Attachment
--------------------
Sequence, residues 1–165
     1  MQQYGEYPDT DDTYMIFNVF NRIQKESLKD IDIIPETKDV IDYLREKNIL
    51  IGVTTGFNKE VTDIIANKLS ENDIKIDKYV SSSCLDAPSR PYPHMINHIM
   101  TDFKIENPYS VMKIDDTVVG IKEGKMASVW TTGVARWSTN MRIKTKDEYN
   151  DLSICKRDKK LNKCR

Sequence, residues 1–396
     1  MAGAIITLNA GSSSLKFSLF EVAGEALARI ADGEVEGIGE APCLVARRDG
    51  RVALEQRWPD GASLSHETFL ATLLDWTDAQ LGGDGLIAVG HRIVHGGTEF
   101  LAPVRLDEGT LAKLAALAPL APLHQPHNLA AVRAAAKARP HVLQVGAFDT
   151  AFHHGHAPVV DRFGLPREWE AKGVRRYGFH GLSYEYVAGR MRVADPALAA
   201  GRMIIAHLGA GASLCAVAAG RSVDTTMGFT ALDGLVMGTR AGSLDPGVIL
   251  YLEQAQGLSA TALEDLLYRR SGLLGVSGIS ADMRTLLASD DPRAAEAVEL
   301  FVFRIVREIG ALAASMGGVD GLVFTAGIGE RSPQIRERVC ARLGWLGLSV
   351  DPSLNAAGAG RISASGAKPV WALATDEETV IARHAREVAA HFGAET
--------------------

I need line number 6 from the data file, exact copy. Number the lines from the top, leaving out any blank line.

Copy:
Sequence, residues 1–396